Three Perfect Days: Los Cabos - United Hub
Hemispheres

Three Perfect Days: Los Cabos

By The Hub team , December 01, 2017

Story by Joshua David Stein | Photography by Brad Torchia | Hemispheres, December 2017

Due to linguistic laziness, perhaps, the diverse cluster of settlements on the southern tip of Baja California have been bundled into one word: Cabo. But cabo simply means “cape." Dotted along this spit of land, the Pacific Ocean on one side and the Sea of Cortez on the other, the towns are uniform only in their seaside beauty. Cabo San Lucas, the best-known, is commonly associated with youthful hedonism. San José del Cabo, 20 miles up the coast, has always been the shy sister with artistic ambitions. Farther still, past some of Mexico's best surfing beaches, is the village of Cabo Pulmo, whose lifeblood is a majestic marine preserve. What this all means is that while Cabo may not have something for everybody, Los Cabos probably does.

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Day 1 Graphic

The Middle-Aged Man and the Sea

I see the marlin twice, but only once alive. Jostled from a fitful nap on the deck of a fishing boat, the Valerie, 25 miles off the coast of Cabo San Lucas, I awake to see the fish arcing in the air, its cobalt skin iridescent against the brilliant sky. The captain, a wiry 55-year-old named Roberto Sandez, and his somewhat broader first mate, 54-year-old Salvador Flores, clomp down the steep ladder from the bridge to secure the rod. The boat ride, which had previously felt like a pleasure cruise, is now a hunt.

Earlier this morning, under a sky the color of a ripe eggplant, I drove to the Cabo San Lucas Marina. My family was still asleep under comforters in the battlements of the nearby Westin as I headed toward a body of water teeming with life: great shimmering masses of tuna and marlin, dorado, roosterfish, crevalle jack, and hundreds of other gamefish that have made Cabo the sportfishing capital of the world.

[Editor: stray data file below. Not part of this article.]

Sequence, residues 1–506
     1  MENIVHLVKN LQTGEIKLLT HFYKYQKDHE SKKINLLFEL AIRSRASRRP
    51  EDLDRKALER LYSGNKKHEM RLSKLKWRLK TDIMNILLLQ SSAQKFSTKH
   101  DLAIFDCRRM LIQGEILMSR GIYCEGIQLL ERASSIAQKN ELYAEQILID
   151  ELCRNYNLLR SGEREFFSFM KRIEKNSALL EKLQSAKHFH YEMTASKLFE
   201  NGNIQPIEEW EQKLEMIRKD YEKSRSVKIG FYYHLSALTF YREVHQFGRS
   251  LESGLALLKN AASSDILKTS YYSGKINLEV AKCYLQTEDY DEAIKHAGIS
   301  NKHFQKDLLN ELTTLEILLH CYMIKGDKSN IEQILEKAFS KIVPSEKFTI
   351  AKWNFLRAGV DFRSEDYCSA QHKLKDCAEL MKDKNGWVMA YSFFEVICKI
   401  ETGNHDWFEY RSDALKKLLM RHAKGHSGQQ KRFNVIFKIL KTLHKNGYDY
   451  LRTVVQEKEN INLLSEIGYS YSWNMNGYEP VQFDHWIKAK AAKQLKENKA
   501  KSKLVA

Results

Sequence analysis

The sea began it all. Before Cabo San Lucas became known simply as “Cabo" in the mid-20th century, it was a fishing village of about 100 inhabitants. In 1955, the owners of Empresas Panado, the largest tuna cannery in Mexico, brought in a young Spaniard named Luis Bulnes Molleda to manage the plant. One day, Bulnes saw a boy catch a marlin on a handline from the dock and this, so big a fish caught by so young a boy so close to shore, made an impression on him. He later bought a stretch of undeveloped land and he and a partner built a hotel, Finisterra (now the Sandos Finisterra). He was convinced crowds would come for the marlin.

Playa del Amor, next to El ArcoPlaya del Amor, next to El Arco

When I climb aboard the Valerie this morning, there are no empty slips or vacant lots near the shore. Hotels occupy every sun-kissed plot of land, like turtles on a log, and on the water all types of vessel, from huge pleasure yachts to dented old pangas, bob gently, packed tightly. As we head out to sea, a lone pelican peers from the famous rock formation El Arco del Fin del Mundo (the Arch at the End of the World) into an ocean uninterrupted until Antarctica. I wonder if Molleda could have possibly imagined how right he would be. Marlin no longer swim shoreside, says Captain Roberto, who has been running charters here for more than 30 years. “I remember when we used to fish close to the land," he notes. “Now we have to go out for miles." Knowing this, I take a quick doze on the deck.